There is overwhelming evidence demonstrating that sleep deprivation leads to workplace accidents. Overly sleepy employees are 70% more likely Trusted Source National Library of Medicine, Biotech Information The National Center for Biotechnology Information advances science and health by providing access to biomedical and genomic information. View Source to be involved in workplace accidents than colleagues who are not sleep deprived. Long work hours paired with poor sleep quality can also contribute to a higher risk of workplace injury. Workers with insomnia are much more likely to have work-related accidents Trusted Source National Library of Medicine, Biotech Information The National Center for Biotechnology Information advances science and health by providing access to biomedical and genomic information. View Source than those who do not have sleep disorders.
These workplace accidents can have serious consequences. In a Swedish study of over 50,000 workers, those who self-reported disturbed sleep were twice as likely to die in an accident related to the workplace.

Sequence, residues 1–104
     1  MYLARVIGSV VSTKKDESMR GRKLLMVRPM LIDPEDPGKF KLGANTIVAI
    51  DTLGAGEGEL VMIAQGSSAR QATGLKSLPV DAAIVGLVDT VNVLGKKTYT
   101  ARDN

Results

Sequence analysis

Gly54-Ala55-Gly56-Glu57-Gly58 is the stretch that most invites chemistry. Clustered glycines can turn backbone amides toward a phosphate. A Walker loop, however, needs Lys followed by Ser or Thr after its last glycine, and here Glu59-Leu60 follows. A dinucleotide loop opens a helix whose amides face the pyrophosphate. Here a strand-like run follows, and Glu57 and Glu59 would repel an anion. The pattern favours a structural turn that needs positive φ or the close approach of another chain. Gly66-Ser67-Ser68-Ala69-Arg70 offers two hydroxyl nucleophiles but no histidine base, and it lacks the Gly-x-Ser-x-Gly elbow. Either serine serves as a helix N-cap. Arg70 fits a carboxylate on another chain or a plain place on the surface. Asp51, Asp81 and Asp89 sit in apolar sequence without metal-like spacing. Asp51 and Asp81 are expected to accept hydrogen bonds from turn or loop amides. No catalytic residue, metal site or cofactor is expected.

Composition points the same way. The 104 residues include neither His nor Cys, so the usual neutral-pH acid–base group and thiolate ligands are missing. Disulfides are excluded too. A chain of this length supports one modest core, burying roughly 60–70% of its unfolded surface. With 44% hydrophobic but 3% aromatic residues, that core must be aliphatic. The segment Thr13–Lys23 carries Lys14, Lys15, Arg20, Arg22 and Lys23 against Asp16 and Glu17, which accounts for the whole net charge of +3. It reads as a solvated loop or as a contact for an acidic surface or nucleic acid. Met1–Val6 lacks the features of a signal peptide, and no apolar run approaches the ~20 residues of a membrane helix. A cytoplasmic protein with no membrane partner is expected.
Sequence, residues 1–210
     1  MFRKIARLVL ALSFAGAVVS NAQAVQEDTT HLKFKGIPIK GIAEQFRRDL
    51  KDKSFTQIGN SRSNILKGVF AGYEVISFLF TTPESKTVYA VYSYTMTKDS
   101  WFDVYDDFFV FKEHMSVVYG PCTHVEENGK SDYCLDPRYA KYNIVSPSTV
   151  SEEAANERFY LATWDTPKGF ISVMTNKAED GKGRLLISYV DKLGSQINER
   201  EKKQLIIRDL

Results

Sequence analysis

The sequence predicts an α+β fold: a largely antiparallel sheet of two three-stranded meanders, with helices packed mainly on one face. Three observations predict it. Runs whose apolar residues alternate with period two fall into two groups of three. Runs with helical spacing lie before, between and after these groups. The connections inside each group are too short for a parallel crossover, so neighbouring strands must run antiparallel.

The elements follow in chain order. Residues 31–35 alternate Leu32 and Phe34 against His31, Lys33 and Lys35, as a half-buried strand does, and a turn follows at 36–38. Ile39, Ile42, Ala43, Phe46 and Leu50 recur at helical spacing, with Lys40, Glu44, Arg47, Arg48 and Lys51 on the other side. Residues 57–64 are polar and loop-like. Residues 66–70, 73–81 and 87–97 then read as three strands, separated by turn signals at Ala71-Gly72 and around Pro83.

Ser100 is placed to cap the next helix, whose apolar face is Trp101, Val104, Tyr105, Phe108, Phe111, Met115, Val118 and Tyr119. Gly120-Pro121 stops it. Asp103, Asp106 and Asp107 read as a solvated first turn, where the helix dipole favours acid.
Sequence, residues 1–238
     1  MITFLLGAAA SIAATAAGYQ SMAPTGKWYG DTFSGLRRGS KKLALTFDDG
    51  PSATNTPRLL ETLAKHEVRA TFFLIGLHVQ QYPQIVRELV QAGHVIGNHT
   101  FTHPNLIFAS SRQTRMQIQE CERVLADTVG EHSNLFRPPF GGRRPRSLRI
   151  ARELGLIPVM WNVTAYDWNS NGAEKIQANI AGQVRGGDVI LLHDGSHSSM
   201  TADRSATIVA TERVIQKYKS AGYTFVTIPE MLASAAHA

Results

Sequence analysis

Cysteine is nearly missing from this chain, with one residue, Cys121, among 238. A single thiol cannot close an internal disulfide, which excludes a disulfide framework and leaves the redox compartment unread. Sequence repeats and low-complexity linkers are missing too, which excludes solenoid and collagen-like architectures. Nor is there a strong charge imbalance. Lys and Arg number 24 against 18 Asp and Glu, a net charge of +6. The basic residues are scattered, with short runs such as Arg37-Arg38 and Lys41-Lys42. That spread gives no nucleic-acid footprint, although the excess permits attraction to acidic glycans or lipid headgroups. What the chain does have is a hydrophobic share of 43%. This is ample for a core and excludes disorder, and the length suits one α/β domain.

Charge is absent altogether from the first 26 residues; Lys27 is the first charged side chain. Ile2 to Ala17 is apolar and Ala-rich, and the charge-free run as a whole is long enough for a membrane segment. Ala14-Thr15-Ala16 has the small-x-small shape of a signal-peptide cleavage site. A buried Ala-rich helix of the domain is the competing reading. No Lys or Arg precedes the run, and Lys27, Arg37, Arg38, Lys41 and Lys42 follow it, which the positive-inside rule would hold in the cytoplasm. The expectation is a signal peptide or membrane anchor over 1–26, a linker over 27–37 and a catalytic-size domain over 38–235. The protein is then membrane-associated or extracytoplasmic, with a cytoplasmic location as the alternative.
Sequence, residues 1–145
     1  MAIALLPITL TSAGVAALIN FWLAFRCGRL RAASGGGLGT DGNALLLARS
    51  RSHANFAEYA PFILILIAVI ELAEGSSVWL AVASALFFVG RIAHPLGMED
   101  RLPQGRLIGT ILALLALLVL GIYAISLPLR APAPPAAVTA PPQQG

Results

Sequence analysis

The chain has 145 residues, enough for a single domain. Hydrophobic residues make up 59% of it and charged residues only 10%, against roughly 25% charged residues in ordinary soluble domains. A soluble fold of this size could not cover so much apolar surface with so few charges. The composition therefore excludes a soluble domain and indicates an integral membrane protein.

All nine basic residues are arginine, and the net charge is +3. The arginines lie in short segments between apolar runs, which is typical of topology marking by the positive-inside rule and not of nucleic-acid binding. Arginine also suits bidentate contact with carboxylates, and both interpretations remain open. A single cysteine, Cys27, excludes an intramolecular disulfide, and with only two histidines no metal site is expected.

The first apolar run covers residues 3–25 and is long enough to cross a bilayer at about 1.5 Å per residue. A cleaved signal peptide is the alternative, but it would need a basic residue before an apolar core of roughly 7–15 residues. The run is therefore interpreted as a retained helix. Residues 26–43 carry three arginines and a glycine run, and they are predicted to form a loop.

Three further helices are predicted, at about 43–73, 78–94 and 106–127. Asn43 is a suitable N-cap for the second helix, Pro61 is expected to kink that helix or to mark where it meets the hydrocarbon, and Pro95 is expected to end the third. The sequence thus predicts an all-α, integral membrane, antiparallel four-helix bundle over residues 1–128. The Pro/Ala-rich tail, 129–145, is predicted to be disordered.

How Does Lack of Sleep Increase the Risk of Workplace Accidents?
Sleep deprivation degrades cognitive processing Trusted Source National Library of Medicine, Biotech Information The National Center for Biotechnology Information advances science and health by providing access to biomedical and genomic information. View Source , affecting everything from memory to reflexes. With less sleep, your reaction time slows. This means you make decisions less quickly and accurately Trusted Source Centers for Disease Control and Prevention (CDC) As the nation’s health protection agency, CDC saves lives and protects people from health threats. View Source . You are also more likely to misjudge your own abilities and take unwise risks. As a result, excessive sleepiness can lead to consequential errors and accidents that gravely impact the workplace.